Films in March

I said a while ago that I was going to start including films and books here, so I think it’s time I delivered on that. So, I’m going to try to do a quick monthly round up of what I’ve watched and read.

New releases:
The Square (cinema): There’s some great stuff in this film. Some properly laugh out loud observation and humour, particularly in the weird reality of a modern art museum. It would have worked really well as a sitcom in the vein of W1A or The Thick of It. Unfortunately it was in the wallowing pretension of a 2.5 hour long film, which was determined to ram home some messages and morals as well. There were too many strands, and many of them were just left hanging or forgotten. So the film was both too long and incomplete. It’s a shame because the funny bits were incredibly well done.

Mute (Netflix): The style will be incredibly familiar to anyone who’s seen Bladerunner or Altered Carbon, but it’s a solid entry into the genre that kept me engaged the whole way through. I can’t think of anything else to say really, it’s not a classic for all time, but it’s perfectly satisfactory.

Annihilation (Netflix): I thought this film was absolutely rubbish. It took me two attempts to get through it because I was falling asleep on the first viewing, and that was even before I reached the part where everything got completely bonkers. I didn’t mind that the overall setup was weird, I objected to the fact that they kept trying to explain it with science (which was both dubious and boring), and that the characters made no sense at all. I actually watched the whole thing a second time because I read so many good reviews that I was beginning to think I’d missed something. I watched it with someone who’d read the book and added some background and context that made things make a bit more sense… but I still didn’t particularly like the film and from the sounds of it I wouldn’t like the book either. Some people may say that it didn’t get a cinema release because studios are scared that people won’t watch ‘smart’ sf. But the problem isn’t that this is too smart, it’s that it’s too stupid!

New for me:
Colossal (Amazon Prime): The concept at the centre of the film is bonkers, but that really doesn’t matter because, like all good science fiction, it’s about the fallout from the central idea. The character development here is fascinating and the things go in directions that you might not predict, but that still make perfect sense. The whole thing is smart, original, witty and incredibly satisfying.

Once (was on Amazom): I gave this film two attempts, the first time I wasn’t feeling it I assumed it was because I was in a grumpy mood, but even a couple of weeks later in the middle of a relaxing day, it still didn’t work for me. The biggest personal problem was that I didn’t really like the music in it, but I think even without that I would still have been slightly irritated by the noodling tempo and awkward characters.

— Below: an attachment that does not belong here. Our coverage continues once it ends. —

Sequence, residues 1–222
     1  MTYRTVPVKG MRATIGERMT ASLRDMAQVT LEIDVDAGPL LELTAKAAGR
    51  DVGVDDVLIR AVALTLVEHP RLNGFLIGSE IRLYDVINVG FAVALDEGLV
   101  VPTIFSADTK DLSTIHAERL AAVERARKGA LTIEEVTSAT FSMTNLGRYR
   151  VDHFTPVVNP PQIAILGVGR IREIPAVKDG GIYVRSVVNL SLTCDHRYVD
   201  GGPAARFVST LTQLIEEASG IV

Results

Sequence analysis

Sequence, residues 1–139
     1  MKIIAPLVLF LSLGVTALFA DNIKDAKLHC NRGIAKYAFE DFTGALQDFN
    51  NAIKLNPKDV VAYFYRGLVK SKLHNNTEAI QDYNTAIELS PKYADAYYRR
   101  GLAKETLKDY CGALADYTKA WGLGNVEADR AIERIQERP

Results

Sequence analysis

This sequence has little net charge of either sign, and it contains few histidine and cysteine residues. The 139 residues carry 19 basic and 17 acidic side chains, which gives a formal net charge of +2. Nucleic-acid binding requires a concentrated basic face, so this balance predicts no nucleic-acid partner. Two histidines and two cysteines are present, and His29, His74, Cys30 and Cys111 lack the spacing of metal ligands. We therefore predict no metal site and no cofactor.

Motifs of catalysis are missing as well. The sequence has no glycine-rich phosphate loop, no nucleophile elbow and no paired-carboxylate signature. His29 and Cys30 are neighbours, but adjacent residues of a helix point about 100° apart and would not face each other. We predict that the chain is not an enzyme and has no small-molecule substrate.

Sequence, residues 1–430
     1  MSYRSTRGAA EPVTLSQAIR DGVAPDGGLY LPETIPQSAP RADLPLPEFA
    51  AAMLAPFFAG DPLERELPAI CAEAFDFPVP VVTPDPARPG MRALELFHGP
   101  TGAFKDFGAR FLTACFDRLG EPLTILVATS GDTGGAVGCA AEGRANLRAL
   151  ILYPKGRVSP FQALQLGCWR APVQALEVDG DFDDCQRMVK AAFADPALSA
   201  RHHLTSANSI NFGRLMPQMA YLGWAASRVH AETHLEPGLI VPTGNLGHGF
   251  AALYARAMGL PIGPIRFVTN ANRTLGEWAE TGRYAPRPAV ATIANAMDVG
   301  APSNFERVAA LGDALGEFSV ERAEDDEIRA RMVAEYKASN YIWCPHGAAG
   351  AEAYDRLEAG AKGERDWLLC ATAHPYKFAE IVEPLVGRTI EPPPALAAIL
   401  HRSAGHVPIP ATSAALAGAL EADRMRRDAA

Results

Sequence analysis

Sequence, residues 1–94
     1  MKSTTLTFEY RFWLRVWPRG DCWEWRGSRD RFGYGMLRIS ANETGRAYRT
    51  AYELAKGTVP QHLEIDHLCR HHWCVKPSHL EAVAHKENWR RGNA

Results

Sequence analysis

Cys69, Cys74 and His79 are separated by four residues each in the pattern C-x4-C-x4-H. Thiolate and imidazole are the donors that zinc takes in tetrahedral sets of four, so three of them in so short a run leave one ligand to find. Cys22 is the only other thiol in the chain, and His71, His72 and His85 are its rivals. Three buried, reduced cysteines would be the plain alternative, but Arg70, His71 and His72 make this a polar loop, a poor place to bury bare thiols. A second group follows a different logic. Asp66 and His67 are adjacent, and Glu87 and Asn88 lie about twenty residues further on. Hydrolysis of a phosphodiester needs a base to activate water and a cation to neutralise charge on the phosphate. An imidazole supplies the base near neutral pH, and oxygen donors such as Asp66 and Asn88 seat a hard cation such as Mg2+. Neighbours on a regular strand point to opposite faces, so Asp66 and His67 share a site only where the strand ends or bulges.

Hampstead (Amazon Prime): Twee. There really is no other word for this than twee. It’s passably entertaining thanks to the always wonderful Diane Keaton and Brendan Gleeson but they’re struggling with a clunky script and the supporting cast are bogged down with ploddy characters.

How to Train Your Dragon 2 (DVD): This is the kind of film that’s just joyous to watch, I had a smile on my face just about the whole way through the film and at one point laughed so suddenly I choked on my ice cream. The world is immersively vibrant, the character are completely alive, the story is completely engaging and the script is hilariously snappy, the whole thing is just a complete joy. I will admit that there were a couple of scenes that dragged a smidge and surprisingly I found Cate Blanchett’s the weakest performance (and accent) of the bunch, but those are really very minor quibbles. I could cheerfully have gone straight back and watched this a second time!

The Terminal (Amazon Prime): This is a very sweet comedy with a slightly uncomfortable thread of xenophobic drama. The concept of someone living solely in an airport is quite a cute one, but the way they manage to get the character stuck there, and the way he is treated by immigration is pretty horrific. The film is very much a throwback to Tom Hanks romantic comedies of the past, which in some ways is good, but in other ways seems like a bit of a waste of his and Spielberg’s talents. I like that the film avoids some of the standard cliches and I really enjoyed the first 1/2 but there’s some more dramatic stuff in the 2nd half that felt a little misplaced within the overall tone. And dear lord there’s a lot of product placement! Still, I will happily watch Tom Hanks do just about anything.


One thought on “Films in March

  1. Pingback: Films I Saw in 2018 | Narrative Devices

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